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Bankrupt E&P companies looking to end pipeline agreements

The downturn in oil prices took a serious toll on the U.S. E&P market last year, with 42 companies filing for bankruptcy in 2015. Those companies’ total debt amounted to $17.85 billion, and many of them are seeking to restructure under Chapter 11. As part of that restructuring, many oil and gas companies are hoping to exit deals made with midstream companies. While E&Ps seek to lighten their financial burdens, it’s a move midstream industry groups say would undermine the sector’s financial stability.

Bankrupt E&P companies like Quicksilver Resources and Sabine Oil & Gas are hoping to make the case in court to reject previously negotiated midstream contracts with Crestwood Equity Partners (ticker: CEQP, CrestwoodLP.com) and Cheniere Energy (ticker: LNG, Cheniere.com), respectively.

Midstream companies tie their prices to carrying capacity on their pipelines, a strategy that gives them a certain level of insulation from oil prices, and has also allowed many of them to form MLPs which can pay out high dividends to investors based on a steady flow of cash. These contracts are nearly unbreakable, remaining in place even if the production is sold to a new company. With many of these transportation contracts negotiated while oil prices were significantly higher, bankrupt companies are no longer able to pay the previously negotiated price.

The Gas Processors Association and the Texas Pipeline Association, which together represent some 140 midstream companies, filed in Delaware bankruptcy court warning that allowing these contracts would open the door for other bankrupt companies to follow suit, reports The Wall Street Journal. If companies were able to exit their contracts, it could destabilize the midstream sector, which has pumped up to $30 billion annually into building pipelines to serve the shale boom, reports Reuters.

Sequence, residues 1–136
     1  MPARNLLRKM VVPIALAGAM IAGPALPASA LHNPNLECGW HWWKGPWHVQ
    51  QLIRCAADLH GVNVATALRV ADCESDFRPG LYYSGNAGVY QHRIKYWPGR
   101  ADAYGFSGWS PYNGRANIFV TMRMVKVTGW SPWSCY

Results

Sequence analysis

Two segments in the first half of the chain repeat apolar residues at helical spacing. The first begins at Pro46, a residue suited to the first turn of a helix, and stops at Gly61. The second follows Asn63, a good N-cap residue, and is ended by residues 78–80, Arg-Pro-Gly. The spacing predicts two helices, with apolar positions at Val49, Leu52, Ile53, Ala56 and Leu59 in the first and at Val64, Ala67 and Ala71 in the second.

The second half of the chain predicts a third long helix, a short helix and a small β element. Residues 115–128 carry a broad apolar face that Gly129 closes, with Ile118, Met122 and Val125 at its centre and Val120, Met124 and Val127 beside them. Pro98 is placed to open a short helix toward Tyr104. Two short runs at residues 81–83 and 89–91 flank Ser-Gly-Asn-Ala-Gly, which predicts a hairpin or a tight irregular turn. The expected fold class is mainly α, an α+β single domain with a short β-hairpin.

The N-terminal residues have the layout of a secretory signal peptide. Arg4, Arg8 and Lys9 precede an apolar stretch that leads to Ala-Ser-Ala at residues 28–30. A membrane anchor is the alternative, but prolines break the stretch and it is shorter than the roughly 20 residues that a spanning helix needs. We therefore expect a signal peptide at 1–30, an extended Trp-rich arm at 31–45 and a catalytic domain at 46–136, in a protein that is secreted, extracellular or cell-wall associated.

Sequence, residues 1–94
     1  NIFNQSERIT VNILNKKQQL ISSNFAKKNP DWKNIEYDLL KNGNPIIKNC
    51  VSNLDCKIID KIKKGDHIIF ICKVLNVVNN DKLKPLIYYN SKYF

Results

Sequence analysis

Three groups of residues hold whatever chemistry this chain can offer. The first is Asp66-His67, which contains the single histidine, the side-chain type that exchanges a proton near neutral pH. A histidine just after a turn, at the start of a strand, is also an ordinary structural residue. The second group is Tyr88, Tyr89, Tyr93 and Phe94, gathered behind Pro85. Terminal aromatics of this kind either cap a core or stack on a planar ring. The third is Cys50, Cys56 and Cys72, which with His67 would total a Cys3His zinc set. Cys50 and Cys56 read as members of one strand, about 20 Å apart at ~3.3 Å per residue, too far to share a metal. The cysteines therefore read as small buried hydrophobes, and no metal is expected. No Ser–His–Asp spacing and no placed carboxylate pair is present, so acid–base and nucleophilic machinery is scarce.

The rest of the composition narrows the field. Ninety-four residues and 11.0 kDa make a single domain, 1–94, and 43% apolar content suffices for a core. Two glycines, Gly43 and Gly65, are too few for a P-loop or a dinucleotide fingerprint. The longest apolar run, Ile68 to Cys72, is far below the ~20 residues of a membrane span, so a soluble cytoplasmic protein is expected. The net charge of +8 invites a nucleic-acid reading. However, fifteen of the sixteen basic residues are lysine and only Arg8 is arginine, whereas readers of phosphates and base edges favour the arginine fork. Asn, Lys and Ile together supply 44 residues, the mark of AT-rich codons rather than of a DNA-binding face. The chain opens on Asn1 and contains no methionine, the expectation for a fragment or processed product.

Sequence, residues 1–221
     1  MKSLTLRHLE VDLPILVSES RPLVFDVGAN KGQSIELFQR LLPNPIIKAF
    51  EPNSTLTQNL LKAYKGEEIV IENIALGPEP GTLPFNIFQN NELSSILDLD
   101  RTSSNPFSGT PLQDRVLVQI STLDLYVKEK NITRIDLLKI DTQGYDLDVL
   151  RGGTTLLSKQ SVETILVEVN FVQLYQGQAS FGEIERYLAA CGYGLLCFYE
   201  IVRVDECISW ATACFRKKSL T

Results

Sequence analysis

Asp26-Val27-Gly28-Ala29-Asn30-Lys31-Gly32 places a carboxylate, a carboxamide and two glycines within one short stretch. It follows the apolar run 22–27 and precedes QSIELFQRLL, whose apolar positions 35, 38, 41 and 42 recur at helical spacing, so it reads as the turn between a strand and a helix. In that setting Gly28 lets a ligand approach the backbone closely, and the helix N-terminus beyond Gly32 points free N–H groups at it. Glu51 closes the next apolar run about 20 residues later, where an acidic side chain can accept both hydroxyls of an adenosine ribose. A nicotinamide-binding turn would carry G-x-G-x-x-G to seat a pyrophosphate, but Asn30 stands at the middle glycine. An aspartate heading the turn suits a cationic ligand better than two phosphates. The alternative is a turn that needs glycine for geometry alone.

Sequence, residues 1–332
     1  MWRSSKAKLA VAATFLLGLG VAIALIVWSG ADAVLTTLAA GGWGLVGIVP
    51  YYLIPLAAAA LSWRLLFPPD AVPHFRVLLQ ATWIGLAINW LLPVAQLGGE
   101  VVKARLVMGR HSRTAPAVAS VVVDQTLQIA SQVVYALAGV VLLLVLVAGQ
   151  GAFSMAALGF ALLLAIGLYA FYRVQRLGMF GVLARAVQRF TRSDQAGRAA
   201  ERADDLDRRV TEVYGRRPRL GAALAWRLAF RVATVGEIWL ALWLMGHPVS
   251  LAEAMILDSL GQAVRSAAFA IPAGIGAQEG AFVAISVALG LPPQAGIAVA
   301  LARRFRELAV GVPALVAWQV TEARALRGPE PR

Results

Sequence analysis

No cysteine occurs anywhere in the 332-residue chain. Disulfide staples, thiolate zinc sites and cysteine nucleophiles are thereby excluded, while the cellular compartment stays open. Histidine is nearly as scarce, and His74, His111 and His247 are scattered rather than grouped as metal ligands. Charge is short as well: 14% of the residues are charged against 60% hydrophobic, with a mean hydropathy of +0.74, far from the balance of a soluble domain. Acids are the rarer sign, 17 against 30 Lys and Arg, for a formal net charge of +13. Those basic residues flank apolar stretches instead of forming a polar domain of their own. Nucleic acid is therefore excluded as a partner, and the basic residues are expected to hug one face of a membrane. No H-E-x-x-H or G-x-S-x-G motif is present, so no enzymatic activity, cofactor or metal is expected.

Companies looking to become more attractive targets for acquisitions

Quicksilver is hoping to cancel its midstream contracts to close a $245 million sale to BlueStone Natural Resources II LLC. BlueStone has said that it would not be interested in the deal if Quicksilver’s commitments with Crestwood remained in place. The company plans to ask Texas regulators to set a new rate for using Crestwood’s pipelines, said Tim Trump, a lawyer for the company.

The debt burdens and other obligations of companies in the E&P sector has made most companies unattractive targets for acquisition, said ExxonMobil (ticker: XOM, ExxonMobil.com) CEO Rex Tillerson.

Crestwood has said that the pipeline agreement cannot be broken under bankruptcy law, and that if BlueStone walks away, Quicksilver has a backup buyer, albeit with a lower bid, waiting in the wings.

Sabine Oil & Gas, which also went bankrupt last year, is hoping to cancel its pipeline deals with Cheniere so that it will have more flexibility to negotiate more favorable deals and save up to $115 million. Cheniere Energy has opposed the request, which was filed in a New York bankruptcy court.

The Delaware court is set to hear arguments in the Quicksilver case this Friday, while the New York court plans to hear the case for Sabine Oil & Gas next week.


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